Rec'd a letter from my Dad - need some advice...
by Fadeaway3pointer 60 Replies latest jw experiences
laveriteI think it's a matter of accepting the situation for what it is. They have come to this decision and given you notice. What can you do, really? It is what it is. I DA'd in 90s. I've been shunned since then, except for "family business." I know I can't change them. So I accept the situation for what it is. It's a high control religion and can be very destructive to families. It sucks. But you can't change what you can't change. So sorry you are going through this.
Wow so triggering.
My in-laws love the same one way conversation- no interest in you "please don't reply".
It is part of the emotional retardation that happens with that religion.
I honestly feel sorry for them, they are so screwed up by that religion that they cannot communicate as a normal person. I mean what is "family business". How about family connection and love?
My wife has struggled for a few years with this sort of BS. We are finding peace through not expecting them to act as normal parents, we have other people now who are our friends and confidants, we have some very special older friends who fill the role of unconditional loving parents.
Removing that expectation from the real parents actually has helped us find peace and continue a stunted one sided by respectful relationship.
Hope that helps.
Another thought--since you are NOT D/F or D/A, the normal shunning rules according to the organization do NOT apply to you. You might try responding and reminding them of that. In fact, you could couch it something like they are running ahead of the chariot in treating you as if you are D/F. Isn't this [the fact you have NOT been D/F] something to leave in Jehovah's hands and trust his organization will handle it in due time (gag)? They are, in fact, acting presumptuously in treating you as if you are D/F when, in fact, you are [and here you might drum up some quasi acceptable excuse, though if it has been several years, it might be harder. Still, you could say depressed/ struggling emotionally/ confused/ taking things to Jah in prayer, etc.]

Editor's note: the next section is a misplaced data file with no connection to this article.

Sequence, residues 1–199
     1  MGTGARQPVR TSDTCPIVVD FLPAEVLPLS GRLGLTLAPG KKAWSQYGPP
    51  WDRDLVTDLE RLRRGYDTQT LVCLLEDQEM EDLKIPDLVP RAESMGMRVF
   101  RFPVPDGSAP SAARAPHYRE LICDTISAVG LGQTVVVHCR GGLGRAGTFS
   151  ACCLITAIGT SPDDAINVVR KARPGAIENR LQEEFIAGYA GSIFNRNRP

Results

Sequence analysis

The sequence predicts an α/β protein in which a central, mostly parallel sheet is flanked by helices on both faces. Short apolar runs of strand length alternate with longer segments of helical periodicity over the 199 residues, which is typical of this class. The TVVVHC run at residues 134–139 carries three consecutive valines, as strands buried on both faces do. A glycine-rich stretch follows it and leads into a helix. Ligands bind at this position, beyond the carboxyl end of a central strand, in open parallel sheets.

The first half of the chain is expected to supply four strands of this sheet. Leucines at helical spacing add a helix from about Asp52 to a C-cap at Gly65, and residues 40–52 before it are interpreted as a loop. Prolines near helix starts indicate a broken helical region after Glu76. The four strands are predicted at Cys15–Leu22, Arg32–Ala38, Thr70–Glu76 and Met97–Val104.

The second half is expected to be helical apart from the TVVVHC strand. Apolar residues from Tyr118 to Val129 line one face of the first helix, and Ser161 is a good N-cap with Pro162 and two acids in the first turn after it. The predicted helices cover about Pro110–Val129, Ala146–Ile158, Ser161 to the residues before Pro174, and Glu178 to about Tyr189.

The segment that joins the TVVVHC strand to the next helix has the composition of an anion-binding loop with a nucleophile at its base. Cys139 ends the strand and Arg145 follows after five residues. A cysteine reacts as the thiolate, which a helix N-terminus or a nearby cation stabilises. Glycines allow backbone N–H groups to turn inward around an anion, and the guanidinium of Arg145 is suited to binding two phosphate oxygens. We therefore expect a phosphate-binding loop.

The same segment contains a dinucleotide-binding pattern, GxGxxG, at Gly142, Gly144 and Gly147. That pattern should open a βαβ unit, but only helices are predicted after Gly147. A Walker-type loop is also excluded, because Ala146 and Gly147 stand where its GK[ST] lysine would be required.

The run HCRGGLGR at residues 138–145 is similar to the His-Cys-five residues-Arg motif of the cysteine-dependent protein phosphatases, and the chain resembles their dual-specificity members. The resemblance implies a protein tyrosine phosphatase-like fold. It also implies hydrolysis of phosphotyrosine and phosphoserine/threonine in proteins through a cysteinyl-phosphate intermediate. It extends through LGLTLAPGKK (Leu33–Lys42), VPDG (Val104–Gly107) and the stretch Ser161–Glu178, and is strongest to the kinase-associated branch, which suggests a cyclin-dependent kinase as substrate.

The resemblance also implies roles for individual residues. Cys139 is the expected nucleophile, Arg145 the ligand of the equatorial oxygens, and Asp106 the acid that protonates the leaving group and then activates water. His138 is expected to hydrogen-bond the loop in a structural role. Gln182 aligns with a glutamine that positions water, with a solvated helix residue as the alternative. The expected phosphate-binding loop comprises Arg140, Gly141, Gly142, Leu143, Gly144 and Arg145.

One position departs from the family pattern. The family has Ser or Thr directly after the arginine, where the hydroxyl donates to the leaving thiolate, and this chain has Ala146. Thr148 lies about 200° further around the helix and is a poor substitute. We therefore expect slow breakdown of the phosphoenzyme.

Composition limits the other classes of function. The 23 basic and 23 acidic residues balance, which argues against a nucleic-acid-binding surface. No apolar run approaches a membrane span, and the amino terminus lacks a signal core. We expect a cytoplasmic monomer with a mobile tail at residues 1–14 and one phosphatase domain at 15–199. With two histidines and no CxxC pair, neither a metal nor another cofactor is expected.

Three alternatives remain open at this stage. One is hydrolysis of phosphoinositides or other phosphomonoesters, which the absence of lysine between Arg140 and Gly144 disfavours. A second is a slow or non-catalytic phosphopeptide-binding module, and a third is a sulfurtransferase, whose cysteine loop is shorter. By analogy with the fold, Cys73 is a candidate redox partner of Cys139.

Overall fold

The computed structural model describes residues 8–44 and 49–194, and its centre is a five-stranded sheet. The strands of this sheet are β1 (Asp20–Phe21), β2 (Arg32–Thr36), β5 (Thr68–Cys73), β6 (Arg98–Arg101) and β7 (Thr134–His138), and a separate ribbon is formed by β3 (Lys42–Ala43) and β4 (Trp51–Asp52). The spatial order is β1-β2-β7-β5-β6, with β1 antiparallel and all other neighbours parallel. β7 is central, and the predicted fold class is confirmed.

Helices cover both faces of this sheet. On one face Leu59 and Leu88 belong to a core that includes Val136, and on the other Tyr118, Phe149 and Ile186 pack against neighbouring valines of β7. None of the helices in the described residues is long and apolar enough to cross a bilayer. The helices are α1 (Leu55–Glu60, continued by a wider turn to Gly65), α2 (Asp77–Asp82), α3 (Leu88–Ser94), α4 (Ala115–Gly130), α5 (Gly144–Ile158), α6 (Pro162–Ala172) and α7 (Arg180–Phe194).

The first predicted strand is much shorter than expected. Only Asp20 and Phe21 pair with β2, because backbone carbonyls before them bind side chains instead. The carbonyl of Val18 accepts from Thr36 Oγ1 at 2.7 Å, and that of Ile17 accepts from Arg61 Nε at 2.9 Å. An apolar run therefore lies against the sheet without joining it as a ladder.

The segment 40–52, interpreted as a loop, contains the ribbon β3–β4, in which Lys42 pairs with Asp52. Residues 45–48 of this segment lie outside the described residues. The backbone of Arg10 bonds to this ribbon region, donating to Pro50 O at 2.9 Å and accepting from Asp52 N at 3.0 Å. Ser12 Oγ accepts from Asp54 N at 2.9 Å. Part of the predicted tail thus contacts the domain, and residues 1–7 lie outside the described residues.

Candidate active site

Turning the tables.
under the radar
Here's my 2¢ worth. Just something I would consider saying...
You ask us to respect your right to believe and live as you think best. We do and we will, even though we do not share those beliefs. We ask the same from you. Anything less would be hypocrisy.
You may remember that the July 2009 Awake! said, "No one should be forced to worship in a way that he finds unacceptable or be made to choose between his beliefs and his family." Did the Governing Body mean what they said, or were they institutionalizing hypocrisy?
We understand and accept that you do not agree with the way we now see certain things, but that doesn't mean we're not still family. Why can't we set aside this divisive issue, and simply love each other the way we should? We will gladly agree not to criticize the organization or your beliefs, and in return we ask that you acknowledge our right as adults to have our own beliefs. Any discussion of religion can simply be off the table. Would that work for you?
I don't really think such a reasonable approach will work. I mentioned that Awake! article to my very PIMI sister, and she practically shouted, "THAT DOESN'T APPLY TO US!!! WE HAVE THE TRUTH!!!'
On another occasion, when she and her husband made clear that they would be shunning me from then on, I told them that no matter how badly they treated me, they would always be welcome in my heart and in my home. Her response? A very accusatory, "You're just trying to be magnanimous!" Sheesh! In the voice of Steve Martin, "Well excuuussse me!"